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Researchers at the Weill Cornell Medical College said that a teenager's brain, which has suffered a threat, suppresses the emotional response leading to anxiety or stress that lasts long afterwards.
Overcoming fears faced as a teenager is extremely difficult says new research.
Researchers at the Weill Cornell Medical College said that a teenager's brain, which has suffered a threat, suppresses the emotional response leading to anxiety or stress that lasts long afterwards, said Medical Xpress.
The study used a group of volunteers of varying ages from teens to adults.
They were asked to wear headphones and skin sweat meters while looking at blue or yellow squares.
At any given moment one of the squares would let out a very unpleasant sound (one can only imagine a blood curdling scream).
Participants eventually acquired a fear of the noise, which increased sweating.
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Yet, the next day the study was repeasted and participants had similar levels of fear but with no noise associated with the colored squares - the fear had been internalized.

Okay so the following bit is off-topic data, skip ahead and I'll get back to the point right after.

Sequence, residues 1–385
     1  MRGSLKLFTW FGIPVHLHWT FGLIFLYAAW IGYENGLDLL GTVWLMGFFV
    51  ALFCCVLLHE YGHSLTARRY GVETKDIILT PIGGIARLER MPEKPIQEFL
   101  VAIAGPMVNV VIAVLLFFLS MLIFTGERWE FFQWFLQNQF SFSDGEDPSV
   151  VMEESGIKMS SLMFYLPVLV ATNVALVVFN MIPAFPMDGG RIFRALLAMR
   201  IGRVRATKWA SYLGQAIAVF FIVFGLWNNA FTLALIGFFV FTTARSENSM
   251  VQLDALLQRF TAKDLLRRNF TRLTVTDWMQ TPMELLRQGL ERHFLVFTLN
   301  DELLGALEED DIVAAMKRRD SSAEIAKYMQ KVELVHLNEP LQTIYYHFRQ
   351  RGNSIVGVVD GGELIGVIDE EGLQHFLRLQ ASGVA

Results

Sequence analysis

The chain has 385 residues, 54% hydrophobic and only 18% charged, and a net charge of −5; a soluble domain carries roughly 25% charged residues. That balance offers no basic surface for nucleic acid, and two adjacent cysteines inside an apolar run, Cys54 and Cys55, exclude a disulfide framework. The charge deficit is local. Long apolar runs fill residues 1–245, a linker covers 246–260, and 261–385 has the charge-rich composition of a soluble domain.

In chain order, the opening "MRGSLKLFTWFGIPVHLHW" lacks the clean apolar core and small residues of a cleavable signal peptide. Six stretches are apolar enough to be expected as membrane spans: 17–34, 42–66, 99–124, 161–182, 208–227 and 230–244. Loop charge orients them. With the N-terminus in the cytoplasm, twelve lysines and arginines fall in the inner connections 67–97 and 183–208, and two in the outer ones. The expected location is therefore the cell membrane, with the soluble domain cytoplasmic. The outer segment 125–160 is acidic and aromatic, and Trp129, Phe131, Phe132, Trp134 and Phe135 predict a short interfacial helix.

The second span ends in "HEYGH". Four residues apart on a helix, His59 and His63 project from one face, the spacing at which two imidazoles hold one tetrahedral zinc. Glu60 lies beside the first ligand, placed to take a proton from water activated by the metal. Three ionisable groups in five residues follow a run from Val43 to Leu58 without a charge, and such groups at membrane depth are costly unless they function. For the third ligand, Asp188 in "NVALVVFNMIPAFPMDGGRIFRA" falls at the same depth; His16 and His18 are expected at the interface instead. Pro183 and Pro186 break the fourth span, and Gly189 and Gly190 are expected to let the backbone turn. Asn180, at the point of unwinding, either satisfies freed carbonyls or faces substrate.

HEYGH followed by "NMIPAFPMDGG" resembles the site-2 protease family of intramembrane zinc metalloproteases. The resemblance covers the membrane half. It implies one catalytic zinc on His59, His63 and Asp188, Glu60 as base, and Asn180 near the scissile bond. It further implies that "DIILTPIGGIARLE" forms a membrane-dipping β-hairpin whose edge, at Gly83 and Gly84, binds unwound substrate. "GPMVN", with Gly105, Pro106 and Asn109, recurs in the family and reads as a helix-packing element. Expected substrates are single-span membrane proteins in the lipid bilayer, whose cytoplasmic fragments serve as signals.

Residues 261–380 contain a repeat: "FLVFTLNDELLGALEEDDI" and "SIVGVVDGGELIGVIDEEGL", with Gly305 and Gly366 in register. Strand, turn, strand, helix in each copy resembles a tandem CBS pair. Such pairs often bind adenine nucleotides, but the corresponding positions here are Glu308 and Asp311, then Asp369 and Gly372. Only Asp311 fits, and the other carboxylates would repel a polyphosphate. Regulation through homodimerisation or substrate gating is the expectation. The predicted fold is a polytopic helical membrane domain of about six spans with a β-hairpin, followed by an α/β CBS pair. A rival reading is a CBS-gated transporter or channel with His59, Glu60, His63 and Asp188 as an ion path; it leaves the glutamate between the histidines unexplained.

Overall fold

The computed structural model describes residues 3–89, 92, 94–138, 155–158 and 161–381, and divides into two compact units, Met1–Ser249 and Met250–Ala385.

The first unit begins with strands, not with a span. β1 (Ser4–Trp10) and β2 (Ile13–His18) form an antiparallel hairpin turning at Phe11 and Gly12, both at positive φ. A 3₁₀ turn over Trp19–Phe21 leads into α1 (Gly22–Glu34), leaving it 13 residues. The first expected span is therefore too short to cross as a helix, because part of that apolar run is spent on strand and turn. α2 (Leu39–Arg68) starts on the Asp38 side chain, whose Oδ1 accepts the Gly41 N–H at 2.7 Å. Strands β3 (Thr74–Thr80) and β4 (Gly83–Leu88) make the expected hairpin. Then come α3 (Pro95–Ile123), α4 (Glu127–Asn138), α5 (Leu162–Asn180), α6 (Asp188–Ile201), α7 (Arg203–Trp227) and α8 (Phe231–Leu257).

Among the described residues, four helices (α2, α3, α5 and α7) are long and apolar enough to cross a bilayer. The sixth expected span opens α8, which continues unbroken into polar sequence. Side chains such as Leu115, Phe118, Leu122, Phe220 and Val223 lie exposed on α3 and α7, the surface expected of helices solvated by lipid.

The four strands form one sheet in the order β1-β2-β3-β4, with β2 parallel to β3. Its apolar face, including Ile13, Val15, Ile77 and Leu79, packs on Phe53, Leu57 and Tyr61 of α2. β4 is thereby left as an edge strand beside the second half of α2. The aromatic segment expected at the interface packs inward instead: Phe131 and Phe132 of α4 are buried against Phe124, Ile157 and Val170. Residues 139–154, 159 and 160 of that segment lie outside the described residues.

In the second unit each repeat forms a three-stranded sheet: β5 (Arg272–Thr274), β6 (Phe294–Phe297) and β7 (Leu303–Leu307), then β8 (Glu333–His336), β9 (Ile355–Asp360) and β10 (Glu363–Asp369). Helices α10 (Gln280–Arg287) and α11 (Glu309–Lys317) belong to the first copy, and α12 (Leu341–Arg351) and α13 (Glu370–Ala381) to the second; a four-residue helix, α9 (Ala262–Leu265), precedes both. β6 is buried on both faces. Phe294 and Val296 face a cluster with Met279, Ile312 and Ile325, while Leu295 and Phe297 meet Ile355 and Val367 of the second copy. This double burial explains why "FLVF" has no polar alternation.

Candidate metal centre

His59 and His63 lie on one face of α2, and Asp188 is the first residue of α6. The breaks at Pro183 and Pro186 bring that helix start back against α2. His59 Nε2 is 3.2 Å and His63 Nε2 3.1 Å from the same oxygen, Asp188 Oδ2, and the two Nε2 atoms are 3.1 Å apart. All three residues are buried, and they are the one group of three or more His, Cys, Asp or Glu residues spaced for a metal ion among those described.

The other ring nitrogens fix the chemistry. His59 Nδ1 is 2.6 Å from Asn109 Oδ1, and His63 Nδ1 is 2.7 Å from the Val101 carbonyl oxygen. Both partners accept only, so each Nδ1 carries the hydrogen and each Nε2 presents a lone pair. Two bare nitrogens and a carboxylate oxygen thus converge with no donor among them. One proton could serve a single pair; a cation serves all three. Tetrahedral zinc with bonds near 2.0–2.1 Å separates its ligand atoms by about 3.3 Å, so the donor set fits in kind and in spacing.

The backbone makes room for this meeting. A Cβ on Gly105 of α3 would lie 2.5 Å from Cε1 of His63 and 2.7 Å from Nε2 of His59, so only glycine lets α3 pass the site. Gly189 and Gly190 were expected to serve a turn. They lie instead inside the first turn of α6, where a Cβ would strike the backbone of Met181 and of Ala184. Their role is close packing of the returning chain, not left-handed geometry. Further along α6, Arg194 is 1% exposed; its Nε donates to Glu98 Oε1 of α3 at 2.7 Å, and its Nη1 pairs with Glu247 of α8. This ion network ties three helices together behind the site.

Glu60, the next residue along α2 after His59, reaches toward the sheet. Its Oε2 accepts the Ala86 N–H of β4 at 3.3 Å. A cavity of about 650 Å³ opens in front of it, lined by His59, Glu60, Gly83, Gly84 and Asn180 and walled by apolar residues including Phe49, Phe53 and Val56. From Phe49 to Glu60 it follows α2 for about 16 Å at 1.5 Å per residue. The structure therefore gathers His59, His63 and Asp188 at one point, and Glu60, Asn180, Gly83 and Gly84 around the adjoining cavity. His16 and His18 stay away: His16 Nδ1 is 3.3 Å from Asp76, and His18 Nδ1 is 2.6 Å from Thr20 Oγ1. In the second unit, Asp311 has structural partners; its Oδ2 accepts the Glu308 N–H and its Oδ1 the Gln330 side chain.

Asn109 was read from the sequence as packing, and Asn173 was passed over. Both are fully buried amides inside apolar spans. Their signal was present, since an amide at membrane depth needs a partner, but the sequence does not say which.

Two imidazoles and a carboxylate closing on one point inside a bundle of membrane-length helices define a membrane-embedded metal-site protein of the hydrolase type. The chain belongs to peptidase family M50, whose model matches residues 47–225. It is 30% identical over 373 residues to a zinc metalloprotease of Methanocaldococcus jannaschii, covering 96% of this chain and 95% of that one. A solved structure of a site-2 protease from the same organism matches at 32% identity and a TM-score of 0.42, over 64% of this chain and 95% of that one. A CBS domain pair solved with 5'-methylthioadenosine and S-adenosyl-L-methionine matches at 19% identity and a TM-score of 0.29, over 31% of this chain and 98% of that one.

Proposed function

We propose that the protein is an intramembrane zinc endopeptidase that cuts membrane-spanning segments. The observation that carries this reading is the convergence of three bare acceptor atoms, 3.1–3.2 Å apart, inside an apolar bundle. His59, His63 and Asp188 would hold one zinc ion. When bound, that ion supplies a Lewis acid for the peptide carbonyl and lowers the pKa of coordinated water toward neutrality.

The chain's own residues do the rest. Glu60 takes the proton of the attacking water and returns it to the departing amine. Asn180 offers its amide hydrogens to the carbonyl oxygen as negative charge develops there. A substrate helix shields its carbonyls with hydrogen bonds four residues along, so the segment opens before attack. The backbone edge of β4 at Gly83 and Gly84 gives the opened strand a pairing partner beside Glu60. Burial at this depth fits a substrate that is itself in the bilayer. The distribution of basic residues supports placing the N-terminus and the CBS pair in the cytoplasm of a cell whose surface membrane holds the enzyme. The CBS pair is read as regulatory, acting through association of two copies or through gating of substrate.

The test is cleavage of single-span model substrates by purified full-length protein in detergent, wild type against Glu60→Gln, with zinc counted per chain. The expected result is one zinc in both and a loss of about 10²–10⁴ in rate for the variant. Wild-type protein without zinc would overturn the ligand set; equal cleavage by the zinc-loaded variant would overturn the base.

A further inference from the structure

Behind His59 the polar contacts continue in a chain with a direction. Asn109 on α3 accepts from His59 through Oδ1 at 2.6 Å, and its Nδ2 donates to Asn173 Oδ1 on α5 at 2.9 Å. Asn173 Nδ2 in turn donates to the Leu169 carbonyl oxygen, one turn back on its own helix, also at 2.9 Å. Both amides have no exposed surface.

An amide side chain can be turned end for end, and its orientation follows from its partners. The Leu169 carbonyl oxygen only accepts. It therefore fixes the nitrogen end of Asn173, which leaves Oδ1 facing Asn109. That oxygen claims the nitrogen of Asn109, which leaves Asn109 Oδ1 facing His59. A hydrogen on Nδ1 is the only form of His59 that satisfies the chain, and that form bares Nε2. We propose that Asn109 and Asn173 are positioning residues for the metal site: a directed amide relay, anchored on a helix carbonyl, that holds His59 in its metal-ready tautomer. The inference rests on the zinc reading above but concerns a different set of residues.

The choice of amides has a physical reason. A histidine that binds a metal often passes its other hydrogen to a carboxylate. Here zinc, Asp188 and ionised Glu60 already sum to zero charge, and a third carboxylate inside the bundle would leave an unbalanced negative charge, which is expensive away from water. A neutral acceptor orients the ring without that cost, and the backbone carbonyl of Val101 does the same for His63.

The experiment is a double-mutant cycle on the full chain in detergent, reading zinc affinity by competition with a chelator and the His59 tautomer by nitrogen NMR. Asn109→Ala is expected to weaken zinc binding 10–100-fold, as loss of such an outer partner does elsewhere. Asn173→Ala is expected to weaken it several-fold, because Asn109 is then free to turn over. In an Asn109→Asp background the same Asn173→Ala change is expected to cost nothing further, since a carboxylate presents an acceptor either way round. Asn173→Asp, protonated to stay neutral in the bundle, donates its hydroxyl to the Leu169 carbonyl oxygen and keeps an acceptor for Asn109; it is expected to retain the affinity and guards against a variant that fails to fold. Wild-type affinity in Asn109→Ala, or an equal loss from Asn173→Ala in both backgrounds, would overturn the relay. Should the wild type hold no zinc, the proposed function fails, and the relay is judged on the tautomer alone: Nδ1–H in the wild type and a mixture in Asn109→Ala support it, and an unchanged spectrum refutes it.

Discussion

"This is the first study to show, in an experiment, that adolescent humans have diminished fear extinction learning," saoid study author, Siobhan Pattwell, reported HealthNewsDigest.
She went on to say that the fear might continue on later in life and develop into stress-related health issues.
"Our findings are important because they might explain why epidemiologists have found that anxiety disorders seem to spike during adolescence or just before adolescence. It is estimated that over 75 percent of adults with fear-related disorders can trace the roots of their anxiety to earlier ages."
The study hopes to shed light on how childhood fears and trauma might affect someone at later stages.
The findings were published in the journal Proceedings of the National Academy of Sciences (PNAS).